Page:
Effects of climate change are now evident in the most remote regions of Earth
The United Nations just released its “Special Report on Oceans and the Cryosphere,” which warns that even the most remote places on Earth have not been spared from the damaging effects of climate change.
For the research, teams of renowned scientists from the Intergovernmental Panel on Climate Change (IPCC) conducted investigations in some of the world’s most extreme regions from the deepest oceans to the highest Alpine mountains.
IPCC Vice-Chair Ko Barrett explained that as polar ice has melted into the ocean faster, rising temperatures have warmed the surface of the sea and the planet’s marine zones have absorbed the heat.
“For decades, the ocean has been acting like a sponge, but it can’t keep up,” said Barrett. “The consequences for nature and humanity are sweeping and severe.”
According to the report, the world’s oceans have already reached or are now approaching critical tipping points. The warmer ocean waters are losing oxygen, with levels dropping by 40 percent in just five decades across some tropical regions.
The oxygen-deprived water, combined with the alarming effects of ocean acidification, has put a strain on corals and other marine ecosystems that may ultimately trigger a cascade of collapses among fish populations and fisheries.
The IPCC scientists confirmed clear links between climate change and shrinking sea ice, rising sea levels, more intense storms in the Atlantic Ocean, and other dangerous events.
For example, the east and west coasts of the United States will experience what were once considered to be hundred-year floods every single year. The authors of the paper explained that unless major investments are made to prepare, these floods will continue to devastate the coast even if greenhouse gas emissions are drastically reduced.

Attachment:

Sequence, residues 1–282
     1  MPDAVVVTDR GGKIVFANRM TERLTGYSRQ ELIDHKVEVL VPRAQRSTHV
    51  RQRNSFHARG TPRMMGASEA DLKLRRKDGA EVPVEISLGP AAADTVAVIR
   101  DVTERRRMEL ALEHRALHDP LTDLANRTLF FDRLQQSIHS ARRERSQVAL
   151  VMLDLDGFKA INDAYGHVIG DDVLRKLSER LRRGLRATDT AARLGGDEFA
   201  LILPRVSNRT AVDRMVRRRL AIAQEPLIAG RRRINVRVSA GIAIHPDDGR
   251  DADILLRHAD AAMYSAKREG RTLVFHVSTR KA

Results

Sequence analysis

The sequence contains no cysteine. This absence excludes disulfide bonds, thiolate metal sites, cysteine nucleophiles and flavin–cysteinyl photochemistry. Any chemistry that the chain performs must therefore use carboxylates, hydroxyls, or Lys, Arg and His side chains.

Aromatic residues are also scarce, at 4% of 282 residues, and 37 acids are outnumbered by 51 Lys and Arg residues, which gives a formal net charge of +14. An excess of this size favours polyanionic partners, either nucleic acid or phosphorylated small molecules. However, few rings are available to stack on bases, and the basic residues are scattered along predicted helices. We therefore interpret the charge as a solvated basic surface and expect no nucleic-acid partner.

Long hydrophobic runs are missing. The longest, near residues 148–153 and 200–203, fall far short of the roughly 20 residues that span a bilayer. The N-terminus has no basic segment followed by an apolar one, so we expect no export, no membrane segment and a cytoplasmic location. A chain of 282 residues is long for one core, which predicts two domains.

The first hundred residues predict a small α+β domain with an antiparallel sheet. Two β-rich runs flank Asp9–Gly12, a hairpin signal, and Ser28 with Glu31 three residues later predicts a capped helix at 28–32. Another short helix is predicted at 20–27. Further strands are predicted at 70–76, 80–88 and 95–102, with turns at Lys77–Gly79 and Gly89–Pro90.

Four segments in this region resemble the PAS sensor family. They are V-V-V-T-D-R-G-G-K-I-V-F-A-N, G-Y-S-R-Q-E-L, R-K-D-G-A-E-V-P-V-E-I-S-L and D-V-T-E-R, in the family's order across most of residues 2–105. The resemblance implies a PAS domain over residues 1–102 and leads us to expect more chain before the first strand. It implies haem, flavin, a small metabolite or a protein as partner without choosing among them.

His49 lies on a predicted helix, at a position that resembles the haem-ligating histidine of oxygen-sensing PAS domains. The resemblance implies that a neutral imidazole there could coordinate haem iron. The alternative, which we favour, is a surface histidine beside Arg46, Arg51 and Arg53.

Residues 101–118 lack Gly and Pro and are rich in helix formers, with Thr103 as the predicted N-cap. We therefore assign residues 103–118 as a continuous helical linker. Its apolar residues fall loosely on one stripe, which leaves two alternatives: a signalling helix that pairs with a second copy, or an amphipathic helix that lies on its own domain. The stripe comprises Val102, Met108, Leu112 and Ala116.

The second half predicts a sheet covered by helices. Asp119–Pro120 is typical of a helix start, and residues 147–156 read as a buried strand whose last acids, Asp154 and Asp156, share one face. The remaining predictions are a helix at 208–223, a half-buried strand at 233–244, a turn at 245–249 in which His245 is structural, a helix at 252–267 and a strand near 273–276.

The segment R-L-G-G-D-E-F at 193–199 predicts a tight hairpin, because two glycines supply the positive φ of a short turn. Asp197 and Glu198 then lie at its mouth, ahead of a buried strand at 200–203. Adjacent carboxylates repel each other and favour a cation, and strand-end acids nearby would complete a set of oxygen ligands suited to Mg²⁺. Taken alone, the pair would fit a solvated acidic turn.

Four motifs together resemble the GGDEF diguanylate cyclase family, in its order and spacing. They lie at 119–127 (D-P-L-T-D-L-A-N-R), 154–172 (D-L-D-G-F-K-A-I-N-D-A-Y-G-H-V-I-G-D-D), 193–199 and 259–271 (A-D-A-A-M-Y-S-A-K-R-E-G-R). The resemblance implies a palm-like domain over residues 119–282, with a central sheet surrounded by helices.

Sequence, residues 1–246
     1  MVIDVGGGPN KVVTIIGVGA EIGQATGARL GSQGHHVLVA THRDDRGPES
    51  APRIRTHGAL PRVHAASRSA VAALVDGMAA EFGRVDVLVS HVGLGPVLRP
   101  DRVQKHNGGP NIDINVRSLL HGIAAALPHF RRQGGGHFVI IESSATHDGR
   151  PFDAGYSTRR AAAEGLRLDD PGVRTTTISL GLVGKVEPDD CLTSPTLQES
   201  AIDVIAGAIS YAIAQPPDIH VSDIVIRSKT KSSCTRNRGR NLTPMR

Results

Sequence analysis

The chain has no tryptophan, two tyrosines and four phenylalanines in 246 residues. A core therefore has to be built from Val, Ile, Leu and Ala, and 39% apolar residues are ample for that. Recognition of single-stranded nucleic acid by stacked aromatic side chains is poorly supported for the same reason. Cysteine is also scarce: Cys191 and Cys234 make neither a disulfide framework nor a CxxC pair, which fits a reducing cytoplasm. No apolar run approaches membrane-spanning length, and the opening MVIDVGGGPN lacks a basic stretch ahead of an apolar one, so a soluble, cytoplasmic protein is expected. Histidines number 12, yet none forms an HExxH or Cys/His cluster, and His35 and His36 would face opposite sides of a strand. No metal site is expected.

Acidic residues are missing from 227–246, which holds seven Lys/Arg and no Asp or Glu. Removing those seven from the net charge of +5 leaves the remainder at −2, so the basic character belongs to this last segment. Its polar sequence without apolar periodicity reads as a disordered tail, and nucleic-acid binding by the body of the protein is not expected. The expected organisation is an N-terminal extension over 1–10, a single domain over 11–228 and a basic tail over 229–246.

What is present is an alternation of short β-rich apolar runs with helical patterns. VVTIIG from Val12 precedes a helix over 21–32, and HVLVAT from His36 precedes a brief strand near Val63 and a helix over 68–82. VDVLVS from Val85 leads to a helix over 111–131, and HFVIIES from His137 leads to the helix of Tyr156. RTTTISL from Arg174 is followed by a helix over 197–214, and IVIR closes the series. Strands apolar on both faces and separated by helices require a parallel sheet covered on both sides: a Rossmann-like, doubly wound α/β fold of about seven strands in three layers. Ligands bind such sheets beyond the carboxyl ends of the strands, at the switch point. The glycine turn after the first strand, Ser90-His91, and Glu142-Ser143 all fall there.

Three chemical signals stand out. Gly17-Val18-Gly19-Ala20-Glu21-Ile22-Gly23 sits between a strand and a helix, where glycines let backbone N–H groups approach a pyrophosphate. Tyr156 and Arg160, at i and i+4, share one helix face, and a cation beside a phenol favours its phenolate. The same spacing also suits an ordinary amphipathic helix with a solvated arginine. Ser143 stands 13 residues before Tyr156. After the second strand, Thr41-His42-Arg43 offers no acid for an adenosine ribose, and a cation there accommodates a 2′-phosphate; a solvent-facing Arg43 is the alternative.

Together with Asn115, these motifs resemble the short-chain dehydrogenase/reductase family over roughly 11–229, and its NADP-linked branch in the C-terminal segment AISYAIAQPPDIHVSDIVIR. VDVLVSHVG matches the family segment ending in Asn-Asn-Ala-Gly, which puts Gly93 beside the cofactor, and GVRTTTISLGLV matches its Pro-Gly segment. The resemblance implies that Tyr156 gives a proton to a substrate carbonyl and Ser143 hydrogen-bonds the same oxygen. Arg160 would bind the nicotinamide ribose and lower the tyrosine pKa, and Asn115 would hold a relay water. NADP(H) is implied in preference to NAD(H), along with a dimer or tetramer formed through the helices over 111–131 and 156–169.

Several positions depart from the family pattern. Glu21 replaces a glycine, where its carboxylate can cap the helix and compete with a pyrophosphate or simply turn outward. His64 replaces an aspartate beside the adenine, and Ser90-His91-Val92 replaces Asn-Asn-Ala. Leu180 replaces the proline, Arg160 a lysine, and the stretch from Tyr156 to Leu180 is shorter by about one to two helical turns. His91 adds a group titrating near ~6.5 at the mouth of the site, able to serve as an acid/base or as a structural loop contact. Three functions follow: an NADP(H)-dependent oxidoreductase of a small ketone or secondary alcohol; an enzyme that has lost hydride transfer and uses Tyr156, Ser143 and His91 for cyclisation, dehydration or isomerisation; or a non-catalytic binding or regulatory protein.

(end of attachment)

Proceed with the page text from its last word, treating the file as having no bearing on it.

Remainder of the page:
On a global scale, the necessary infrastructure modifications needed to adapt to climate change and rising sea levels could cost hundreds of billions of dollars per year. But the IPCC experts also found that, without such flood adaptation measures, extreme coastal flooding will become common by the end of the century.
Furthermore, the researchers emphasized that under a low-emissions scenario, the impacts of climate change will be expensive yet manageable. Under a high-emissions scenario, however, the impacts will no longer be manageable and will become catastrophic.
“This report should erase any doubts about the peril that climate change poses for the health of the ocean and, as a consequence, for human well-being,” said John Tanzer of the World Wildlife Fund. “From coral reefs and mangroves to fish populations and coastal habitats, climate change and human pressures are rapidly destroying the natural capital that supports the lives and livelihoods of hundreds of millions of people around the world.”
“The Special Report on the Ocean and Cryosphere in a Changing Climate” was prepared by 104 leading scientists from 36 countries, who acted as coordinating lead authors, lead authors, and review editors.
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